COLEMAN, Texas (KTAB/KRBC) – Beginning in the late 1800s the “Great Western Trail” moved anywhere from 7 to 9 million longhorns across the united states. Starting from northern Mexico and ending in southern Canada, it is this historic trail that author and Rotary club member Sylvia Mahoney and her peers have worked for years to identify and recognize.

Coleman trail marker is christened with water from local creek

“We have 300 Great Western Trail posts from Mexico across the nine Great Plains states into Canada,” Mahoney says.

Her 2015 book Finding the Great Western Trail details their mission to track down the paths taken by the early cattle drivers and construct trial markers all along the way.

“I feel a major responsibility to do my share to see that what they worked on will continue to be there,” says Mahoney.

This drive brought livestock to hungry Native American Tribes and left behind the seeds of what would one day become many of the ranches and cities we know today.

“I think it’s great that we are a part of the whole, if you will,” says Coleman local and historical reenactor Joe Watson.

Watson came to the dedication dressed in full 1870s cattle baron regalia. He says his outfit is meant to point out to the history present in the very land they stood on.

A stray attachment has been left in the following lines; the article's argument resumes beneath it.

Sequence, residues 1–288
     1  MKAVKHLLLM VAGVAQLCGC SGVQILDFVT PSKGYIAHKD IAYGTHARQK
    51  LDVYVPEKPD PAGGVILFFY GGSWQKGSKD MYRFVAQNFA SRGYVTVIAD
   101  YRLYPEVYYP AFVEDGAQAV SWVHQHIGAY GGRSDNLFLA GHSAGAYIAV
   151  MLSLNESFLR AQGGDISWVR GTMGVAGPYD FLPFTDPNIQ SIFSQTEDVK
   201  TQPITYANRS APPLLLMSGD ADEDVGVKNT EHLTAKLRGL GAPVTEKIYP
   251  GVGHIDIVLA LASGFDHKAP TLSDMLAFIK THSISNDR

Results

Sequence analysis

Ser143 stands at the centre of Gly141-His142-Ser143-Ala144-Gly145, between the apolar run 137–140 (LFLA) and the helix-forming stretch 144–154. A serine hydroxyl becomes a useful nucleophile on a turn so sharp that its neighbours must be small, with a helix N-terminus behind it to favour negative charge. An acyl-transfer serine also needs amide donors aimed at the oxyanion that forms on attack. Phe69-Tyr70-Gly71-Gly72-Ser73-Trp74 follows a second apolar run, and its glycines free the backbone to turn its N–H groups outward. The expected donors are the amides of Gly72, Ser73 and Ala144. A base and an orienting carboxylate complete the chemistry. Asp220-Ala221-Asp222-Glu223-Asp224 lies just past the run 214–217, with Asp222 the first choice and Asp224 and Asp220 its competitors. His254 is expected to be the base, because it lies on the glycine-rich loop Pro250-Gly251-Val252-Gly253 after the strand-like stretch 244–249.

Watson stands with Local rancher and Longhorn

“I want to make sure we bring attention to the history in Coleman County and throughout Texas,” Watson says.

It’s that history that connects every person along the trail, according to Mahoney. She says she feels a kinship that goes beyond borders at every dedication she’s been to.

“I have friends from Mexico to Canada that I cherish as dearly as family,” says Mahoney.

Which is why she now advocates for a bill introduced by North Dakota U.S. Senator John Hoeven, which aims to nationally recognize the trail from Mexico to Canada as a Historic American Trail. Though a bill introduced in Kansas may stand opposed to that goal. This bill would recognize the Kansas portion of the trail separately.

“If they get their bill approved, the trails stop at Kansas and all of the northern states will be left out,” Mahoney says.

Which has prompted her call to action asking all that will to call their representatives and speak in favor of the national trail, so that all who claim it as part of their history can be included.

“The people in Mexico are just as connected to the trail as the Canadians and as we are. We have a bond and a friendship that is just nothing like I’ve ever been involved with,” Mahoney says.